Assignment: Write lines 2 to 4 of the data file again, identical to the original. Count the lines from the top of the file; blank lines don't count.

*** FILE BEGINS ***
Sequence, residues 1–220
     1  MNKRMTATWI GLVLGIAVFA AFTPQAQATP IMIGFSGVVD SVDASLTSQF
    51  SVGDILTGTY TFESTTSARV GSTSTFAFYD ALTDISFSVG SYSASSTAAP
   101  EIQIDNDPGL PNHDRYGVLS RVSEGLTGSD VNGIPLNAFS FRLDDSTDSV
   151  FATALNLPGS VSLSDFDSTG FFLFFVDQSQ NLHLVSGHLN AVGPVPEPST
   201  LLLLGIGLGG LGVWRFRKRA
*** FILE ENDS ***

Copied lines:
     1  MNKRMTATWI GLVLGIAVFA AFTPQAQATP IMIGFSGVVD SVDASLTSQF
    51  SVGDILTGTY TFESTTSARV GSTSTFAFYD ALTDISFSVG SYSASSTAAP
   101  EIQIDNDPGL PNHDRYGVLS RVSEGLTGSD VNGIPLNAFS FRLDDSTDSV